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June 6, 2002
Diversity in the Advertising Industry
 

As a first generation Puerto Rican in New York City, I never ever imagine that someday I would be working for the Fire Department and later at an advertising agency. But for the last five years, I have been recruiting firefighters and now advertising professionals as part of two separate efforts to bring diversity to these professions. A quick explanation is probably necessary.

In 1999, I was the Director of Employment Initiatives at the New York City Fire Department. Of the 11,000 firefighters, less than 5% of them were African-Americans, Hispanic-Americans, Asian-Americans, Native-Americans and/or women. In order to increase the diversity of the fire department, I recommended to my boss that we create a marketing campaign to reach more women and minorities who traditionally had not filed to take the tests to be firefighters in New York City. There were a number of reasons why they did not apply to become firefighters in the past and I will get into some of them later. But, one reason they didn't apply to take the test was that they often were not aware when a test was offered and that they were not aware of the application process. Given that there was only one test every five or so years and that you had to be less than 29 years old to apply to take the test, this was a problem.

So, I was given a budget and told to see a top executive at a major advertising agency that agreed to do some pro-bono work for us. After explaining what our target audience was, I was invited to come and meet the account team. To my big surprise, not one African-American, Hispanic-American, Asian-American, or Native-American was to be found on the account team. Instead, I found a group entirely made up of young Anglo-women who seem to all come from the same sorority at Vassar College. To make a long story shorter, the creative completely miss the boat and the media plan did not include a major local Caribbean radio station that was a well known community voice for the black and Caribbean community. In the end we settled on a compromise and the campaign went forward with mix results.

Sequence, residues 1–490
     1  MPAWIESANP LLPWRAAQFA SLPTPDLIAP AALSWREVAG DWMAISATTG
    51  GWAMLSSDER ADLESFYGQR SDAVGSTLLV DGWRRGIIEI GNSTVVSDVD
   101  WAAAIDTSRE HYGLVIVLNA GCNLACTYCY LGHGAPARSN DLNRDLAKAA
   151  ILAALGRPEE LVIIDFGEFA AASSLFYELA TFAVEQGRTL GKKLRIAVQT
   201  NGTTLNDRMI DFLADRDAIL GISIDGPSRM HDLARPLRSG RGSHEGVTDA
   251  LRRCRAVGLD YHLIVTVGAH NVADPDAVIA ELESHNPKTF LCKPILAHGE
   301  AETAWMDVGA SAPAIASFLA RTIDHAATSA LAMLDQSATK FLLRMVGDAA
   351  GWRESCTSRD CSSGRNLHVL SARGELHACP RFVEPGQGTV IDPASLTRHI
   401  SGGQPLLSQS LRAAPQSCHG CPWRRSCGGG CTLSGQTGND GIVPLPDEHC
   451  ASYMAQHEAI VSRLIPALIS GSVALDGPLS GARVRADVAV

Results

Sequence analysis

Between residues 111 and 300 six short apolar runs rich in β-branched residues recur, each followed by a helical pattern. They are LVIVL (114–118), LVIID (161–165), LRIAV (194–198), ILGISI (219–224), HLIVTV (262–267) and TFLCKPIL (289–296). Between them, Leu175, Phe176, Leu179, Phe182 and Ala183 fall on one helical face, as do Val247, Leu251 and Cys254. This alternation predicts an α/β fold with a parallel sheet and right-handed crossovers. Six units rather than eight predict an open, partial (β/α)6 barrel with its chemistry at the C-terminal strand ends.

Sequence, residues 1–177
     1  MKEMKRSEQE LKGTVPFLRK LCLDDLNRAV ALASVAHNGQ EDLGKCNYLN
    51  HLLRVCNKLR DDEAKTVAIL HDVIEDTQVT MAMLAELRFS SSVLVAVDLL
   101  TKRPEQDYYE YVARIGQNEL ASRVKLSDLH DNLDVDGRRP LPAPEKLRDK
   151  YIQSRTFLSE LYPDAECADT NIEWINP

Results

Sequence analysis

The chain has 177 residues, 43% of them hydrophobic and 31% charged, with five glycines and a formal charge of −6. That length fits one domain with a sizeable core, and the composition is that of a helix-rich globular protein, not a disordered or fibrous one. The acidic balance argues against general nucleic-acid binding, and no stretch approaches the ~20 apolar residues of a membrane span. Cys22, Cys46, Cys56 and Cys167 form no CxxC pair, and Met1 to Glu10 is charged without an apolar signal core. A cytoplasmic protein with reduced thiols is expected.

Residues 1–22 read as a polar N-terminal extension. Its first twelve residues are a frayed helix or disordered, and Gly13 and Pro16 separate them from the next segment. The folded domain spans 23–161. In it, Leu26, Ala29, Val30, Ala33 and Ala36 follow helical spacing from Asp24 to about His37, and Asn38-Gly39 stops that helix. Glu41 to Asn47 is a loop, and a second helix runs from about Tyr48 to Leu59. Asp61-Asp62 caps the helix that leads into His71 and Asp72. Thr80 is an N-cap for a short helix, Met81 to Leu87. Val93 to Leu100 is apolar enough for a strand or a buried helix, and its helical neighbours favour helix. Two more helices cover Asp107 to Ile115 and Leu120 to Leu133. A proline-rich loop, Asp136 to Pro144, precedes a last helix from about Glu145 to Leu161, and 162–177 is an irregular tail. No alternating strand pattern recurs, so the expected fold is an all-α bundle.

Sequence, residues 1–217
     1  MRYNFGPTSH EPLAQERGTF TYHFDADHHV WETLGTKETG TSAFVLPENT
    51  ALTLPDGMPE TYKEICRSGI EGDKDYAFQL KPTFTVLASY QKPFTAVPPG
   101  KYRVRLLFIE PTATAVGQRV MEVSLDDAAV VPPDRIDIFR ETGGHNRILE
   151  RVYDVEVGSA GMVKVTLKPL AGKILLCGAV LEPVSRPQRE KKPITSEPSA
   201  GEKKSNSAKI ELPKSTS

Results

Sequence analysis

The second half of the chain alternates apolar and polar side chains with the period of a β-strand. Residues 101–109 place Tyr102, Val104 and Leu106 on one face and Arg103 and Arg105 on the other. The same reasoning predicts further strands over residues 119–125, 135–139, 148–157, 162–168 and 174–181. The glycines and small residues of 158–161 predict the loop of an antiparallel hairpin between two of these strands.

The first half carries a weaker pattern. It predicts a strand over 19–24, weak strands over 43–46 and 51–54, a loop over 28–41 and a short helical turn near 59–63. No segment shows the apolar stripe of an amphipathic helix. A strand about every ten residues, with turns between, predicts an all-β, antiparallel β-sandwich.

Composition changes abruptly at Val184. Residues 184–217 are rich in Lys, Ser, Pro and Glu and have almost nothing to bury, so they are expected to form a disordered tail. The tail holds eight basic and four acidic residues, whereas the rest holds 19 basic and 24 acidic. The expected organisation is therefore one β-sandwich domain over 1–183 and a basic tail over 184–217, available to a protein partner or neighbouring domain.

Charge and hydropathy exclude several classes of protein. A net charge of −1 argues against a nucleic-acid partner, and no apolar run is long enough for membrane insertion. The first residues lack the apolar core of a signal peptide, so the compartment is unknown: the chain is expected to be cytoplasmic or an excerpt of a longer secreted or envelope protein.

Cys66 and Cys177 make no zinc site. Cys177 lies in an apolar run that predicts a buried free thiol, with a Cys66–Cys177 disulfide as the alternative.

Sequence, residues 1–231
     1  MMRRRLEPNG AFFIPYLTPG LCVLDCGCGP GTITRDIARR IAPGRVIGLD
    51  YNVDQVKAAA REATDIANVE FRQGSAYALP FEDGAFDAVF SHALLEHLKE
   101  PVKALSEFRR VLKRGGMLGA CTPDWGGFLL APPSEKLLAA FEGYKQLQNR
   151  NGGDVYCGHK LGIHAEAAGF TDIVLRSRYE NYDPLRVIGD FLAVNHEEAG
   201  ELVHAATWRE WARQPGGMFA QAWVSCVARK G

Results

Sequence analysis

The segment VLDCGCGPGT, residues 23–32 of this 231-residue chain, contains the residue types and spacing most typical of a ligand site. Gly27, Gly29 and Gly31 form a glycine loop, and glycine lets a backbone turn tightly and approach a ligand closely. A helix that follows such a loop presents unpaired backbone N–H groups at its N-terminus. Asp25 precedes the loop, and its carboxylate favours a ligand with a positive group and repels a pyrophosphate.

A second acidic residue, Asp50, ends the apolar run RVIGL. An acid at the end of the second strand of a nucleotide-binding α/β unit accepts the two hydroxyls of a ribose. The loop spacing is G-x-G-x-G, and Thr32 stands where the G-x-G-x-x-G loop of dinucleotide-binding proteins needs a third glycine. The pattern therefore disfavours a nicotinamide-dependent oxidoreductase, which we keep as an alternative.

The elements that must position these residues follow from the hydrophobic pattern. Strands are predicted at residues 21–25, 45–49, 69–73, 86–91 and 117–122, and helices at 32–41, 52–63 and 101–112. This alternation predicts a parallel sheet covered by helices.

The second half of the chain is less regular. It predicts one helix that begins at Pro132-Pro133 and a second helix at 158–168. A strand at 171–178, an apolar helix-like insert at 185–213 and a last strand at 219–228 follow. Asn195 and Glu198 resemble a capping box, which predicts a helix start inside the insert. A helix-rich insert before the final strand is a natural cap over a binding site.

Despite this unfulfilling experience, I caught the advertising pug and I thought I could help bring diversity to the ad industry just as I tried to do in the fire department. After a little research, I came across a number of articles about a company called, True North Communications. True North was a holding company with a change agent as its CEO. David Bell was a leader in the industry and had served as Chairman of the industry trade organizations (the 4As and the AAF). He and others like former CEO of Saatchi & Saatchi, Ed Wax, could see that the industry would suffer if it did not attract and utilize the skills and talents of the increasingly multicultural world we lived and worked in particularly in the new global economy. By the summer of 1999, I was Manager of Diversity Initiatives for True North Communications working with agencies like Foote, Cone & Belding, Bozell Worldwide, and Temerlin McClain.

One thing I realized early in the Fire Department and in advertising was that people (and particularly young people) of color are not expose to careers in advertising or firefighting. In most big cities, people living in the inner-city are usually exposed to the dangers of firefighting and rarely expose to the benefits associated with being a firefighter. In advertising, people are exposed to the outcome of the creative process but rarely expose to the process or the people who are involved in the creative process. Most people I meet who are either firefighters or advertising professionals knew a family member, neighbor or a friend who worked in the profession. Moreover, the majority of the firefighters in NYC and many advertising professionals live in predominately white suburban communities.

Below, I have listed a couple of other reasons why we lack diversity in advertising:

  • We don't sell the professions as other industries do on a regular basis - Did you ever have an advertising professional visit your school?
  • The low starting salaries make it difficult to begin a career in advertising
  • We lack role models who can mentor people of color
  • There is little training and development
  • Agencies are reactive to client needs and not enough clients are proactive in ensuring that their account teams reflect the consumer base, and
  • Human resources and hiring managers rarely consider hiring someone with related skills and experience

This past Monday, June 3, 68 multicultural college students will begin their summer internships at 39 agencies in 11 cities as part of the American Association of Advertising Agencies? Multicultural Advertising Intern Program. The fact is that less than 300 students applied to be accepted into this program. This is only one of the many signs that the advertising industry is in trouble and that we are a long way off from creating an inclusive industry.


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If anyone is qualified to talk about the changing face of advertising, it's Angel Rivera. From a lengthy list of famous NYC mayors to an established senator to big brands to big agency networks, and 4A & AAF committees, Rivera has serious credentials. In addition to his credentials, Rivera has a mission: to fix the lack of diversity in the ad industry.
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